When newly hired City Manager Troy Powell made the announcement at the February 2006 City Council retreat that Claremore has “enough rooftops” and he wanted to “scrap” plans for annexing east along Highway 20, some people applauded, others raised their eyebrows in disbelief.

In the end, Powell’s view that “the best thing — for the people living inside the city limits — is to take advantage of what we have already” brought a renewed focus on upgrading existing city infrastructure and brought innovative approaches to opening access to potential retail and commercial development.

Changes at City Hall, if not always, certainly always has the potential for generating controversy. Powell’s first full year in office lived up to that statement.

Powell was barely into the job one month, before brewing internal personnel issues resulted in the firing of the city attorney, several longtime city employees and eventually the exit of the human resources director.

The City Council saw one non controversial resignation, Jim Palmer, and an unanimous appointment of Tom Lehman.

In the end, under Powell’s leadership and with a supportive Council, City Hall has undergone a major overhaul in operations with more to come in the second half of the city’s fiscal year.

New budgetary and personnel initiatives have saved the city nearly $2 million in operations’ costs and set the stage for major improvements in the areas of city infrastructure and commercial development, according to Powell.

But, getting to this point was not easy, Powell says, and the credit goes mostly to the people working within individual departments.

The restructuring of city government started in January when the formidable task of developing a city budget began.

Eventually, 70 city positions were eliminated including 29 full-time jobs, 11 part-time and 30 temporary. Some of these employees were terminated, others were not replaced and some open positions were simply eliminated.

In addition the city reduced the number of city departments from 28 to 22 and downsized the number of committees, boards and liaison positions from 29 to 16. Most recently in the news was the City Council vote to disband the Parks Board. Some members of that Board had voiced opposing views on Rec Center fees and the availability of city-sponsored youth services.

“Streamlining” required individual city departments to also look at ways to “break even” financially. At the top of the list were and remain the city-owned and operated Rec Center and the Expo Center.

The moves in these areas have not been popular. The Rec Center now has only restricted free public access and users are monitored as they enter and exit. The stage is set for the city to take over management of the Expo Center after the first of the year, ending a long-term contract with an outside management company.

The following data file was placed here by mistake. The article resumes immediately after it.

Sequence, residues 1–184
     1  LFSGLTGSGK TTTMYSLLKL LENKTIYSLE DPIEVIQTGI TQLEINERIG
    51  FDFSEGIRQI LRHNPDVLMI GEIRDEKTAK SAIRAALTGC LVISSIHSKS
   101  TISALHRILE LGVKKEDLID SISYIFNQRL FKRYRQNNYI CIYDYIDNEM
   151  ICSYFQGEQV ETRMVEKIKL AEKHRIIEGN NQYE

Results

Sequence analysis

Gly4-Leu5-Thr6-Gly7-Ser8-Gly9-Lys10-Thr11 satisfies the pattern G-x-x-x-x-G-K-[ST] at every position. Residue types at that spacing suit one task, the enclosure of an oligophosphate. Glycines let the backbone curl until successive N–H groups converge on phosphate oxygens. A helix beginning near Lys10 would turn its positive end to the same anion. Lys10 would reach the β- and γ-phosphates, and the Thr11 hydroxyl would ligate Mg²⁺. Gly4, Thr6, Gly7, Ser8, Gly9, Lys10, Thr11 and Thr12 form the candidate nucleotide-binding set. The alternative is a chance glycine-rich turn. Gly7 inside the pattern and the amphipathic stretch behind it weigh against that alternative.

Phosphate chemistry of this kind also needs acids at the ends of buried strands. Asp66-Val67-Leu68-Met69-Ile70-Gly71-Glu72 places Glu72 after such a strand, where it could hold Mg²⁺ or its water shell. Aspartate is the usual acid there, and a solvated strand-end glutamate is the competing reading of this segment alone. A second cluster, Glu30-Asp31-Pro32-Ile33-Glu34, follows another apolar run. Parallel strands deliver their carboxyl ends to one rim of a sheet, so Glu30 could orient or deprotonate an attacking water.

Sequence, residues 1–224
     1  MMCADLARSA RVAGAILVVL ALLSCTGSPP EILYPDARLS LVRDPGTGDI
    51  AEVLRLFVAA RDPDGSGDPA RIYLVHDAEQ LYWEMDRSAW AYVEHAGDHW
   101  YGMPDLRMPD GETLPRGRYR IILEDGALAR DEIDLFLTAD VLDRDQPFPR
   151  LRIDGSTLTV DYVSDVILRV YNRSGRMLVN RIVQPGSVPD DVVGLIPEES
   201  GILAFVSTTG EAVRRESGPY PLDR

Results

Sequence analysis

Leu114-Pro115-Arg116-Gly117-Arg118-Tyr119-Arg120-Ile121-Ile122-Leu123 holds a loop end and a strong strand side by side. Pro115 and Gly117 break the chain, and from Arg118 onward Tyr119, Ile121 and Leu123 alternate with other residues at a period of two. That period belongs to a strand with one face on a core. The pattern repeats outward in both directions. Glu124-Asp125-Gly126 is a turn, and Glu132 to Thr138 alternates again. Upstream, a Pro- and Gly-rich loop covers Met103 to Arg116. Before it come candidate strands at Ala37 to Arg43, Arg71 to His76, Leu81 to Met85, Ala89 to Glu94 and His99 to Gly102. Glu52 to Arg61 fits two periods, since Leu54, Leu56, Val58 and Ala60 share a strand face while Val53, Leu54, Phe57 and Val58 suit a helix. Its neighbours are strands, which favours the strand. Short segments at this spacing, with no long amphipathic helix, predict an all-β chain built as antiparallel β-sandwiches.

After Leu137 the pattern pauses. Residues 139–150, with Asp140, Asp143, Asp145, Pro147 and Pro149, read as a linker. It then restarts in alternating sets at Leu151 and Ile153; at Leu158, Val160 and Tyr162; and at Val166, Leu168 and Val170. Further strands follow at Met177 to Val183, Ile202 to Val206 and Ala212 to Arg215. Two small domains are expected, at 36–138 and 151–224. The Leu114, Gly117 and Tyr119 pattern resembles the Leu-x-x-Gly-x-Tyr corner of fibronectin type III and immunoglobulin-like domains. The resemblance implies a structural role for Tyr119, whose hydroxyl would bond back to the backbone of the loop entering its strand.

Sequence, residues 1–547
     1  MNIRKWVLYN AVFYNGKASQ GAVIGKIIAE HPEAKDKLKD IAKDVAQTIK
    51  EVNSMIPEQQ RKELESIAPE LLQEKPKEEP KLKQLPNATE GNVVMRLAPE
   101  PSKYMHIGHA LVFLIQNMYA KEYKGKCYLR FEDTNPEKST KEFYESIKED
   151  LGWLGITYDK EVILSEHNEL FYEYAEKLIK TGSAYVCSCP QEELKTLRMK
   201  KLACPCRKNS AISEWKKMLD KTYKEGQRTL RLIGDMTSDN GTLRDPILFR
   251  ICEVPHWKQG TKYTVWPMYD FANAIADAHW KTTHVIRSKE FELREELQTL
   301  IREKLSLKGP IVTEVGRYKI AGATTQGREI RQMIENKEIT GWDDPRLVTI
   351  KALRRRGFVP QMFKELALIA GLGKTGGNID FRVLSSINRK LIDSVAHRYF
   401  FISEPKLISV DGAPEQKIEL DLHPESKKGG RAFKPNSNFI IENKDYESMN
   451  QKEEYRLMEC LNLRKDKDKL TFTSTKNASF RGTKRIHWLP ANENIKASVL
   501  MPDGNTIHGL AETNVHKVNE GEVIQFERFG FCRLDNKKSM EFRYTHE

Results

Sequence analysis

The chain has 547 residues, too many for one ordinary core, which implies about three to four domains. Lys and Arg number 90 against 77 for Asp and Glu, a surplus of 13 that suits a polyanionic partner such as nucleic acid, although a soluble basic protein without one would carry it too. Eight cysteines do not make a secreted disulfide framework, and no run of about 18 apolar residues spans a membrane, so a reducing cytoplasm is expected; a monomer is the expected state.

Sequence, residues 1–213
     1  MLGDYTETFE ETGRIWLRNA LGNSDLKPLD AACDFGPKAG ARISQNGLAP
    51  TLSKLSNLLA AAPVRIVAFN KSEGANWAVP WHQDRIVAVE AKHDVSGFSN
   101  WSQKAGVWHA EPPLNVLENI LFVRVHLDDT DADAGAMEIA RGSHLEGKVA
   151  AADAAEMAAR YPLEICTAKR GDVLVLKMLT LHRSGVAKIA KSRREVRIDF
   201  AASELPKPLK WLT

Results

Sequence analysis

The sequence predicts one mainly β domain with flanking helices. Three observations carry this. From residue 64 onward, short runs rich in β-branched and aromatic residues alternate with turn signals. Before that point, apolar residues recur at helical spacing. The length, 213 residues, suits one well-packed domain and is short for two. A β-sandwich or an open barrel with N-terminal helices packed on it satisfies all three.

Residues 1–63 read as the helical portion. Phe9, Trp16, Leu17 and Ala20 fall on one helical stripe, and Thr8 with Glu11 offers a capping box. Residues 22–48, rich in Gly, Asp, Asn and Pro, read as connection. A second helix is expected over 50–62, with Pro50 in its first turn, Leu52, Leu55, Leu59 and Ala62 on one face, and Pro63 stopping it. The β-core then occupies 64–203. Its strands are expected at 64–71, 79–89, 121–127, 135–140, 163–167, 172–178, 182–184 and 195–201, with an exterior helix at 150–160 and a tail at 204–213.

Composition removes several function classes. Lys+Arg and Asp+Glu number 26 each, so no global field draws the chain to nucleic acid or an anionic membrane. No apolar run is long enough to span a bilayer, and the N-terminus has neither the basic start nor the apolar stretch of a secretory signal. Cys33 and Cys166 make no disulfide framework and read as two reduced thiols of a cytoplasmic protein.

Operation of both the Rec Center and the Expo Center have been subsidized in the past to a tune of around half million dollars annually.

Powell hopes with the new emphasis on efficiency and accountability these two entities will be able to pay their own way while providing better services to the public.

In the meantime, Powell and his team at City Hall have presented to the Council a priority list of capital improvements ranging from replacement and upgrading electric utility lines, poles and equipment and to a much discussed plan to elevate the Burlington Northern Santa Fe Railroad.

Efforts are also under way to address stop light synchronization, complete paving of Lynn Riggs through town (including the turn lanes), widening of Country Club east of 66, opening of Country Club west of 66, extending Moretz south of Archer to Country Club, widening of Lowry Road on the northern side of the city and others.

Many of these projects are aimed at growing traffic congestion along the city’s main thoroughfares and opening access to property for more retail and commercial development.

One of the city’s long term projects, a new waste water treatment plant slated to be built near the Verdigris River, hit a snag early on in 2006 when the then Public Works Director Sam Balsiger told the Council it was possible the project was going to be over budget.

More recently, Balsiger’s warning manifested itself when engineers took another look at the project and realized escalating construction costs and the scope of the plan was more than 10 million over the available funding.

Powell and City Finance Director Serena Kauk are still in the process of reviewing possible refinancing scenarios and a decision will be made on possible alternative plant options. A decision should be made in early 2007.

The sitting City Council, Mayor Brant Shallenburger, Deputy Mayor Flo Guthrie, Mick Webber, Terry Chase, Tom Lehman, Paula Watson, Buddy Robertson, Tony Mullenger and Rebecca Askew have consistently voted in support of Powell’s initiatives.

Upcoming city elections in all four Wards, including the mayor, could possibly bring additional changes.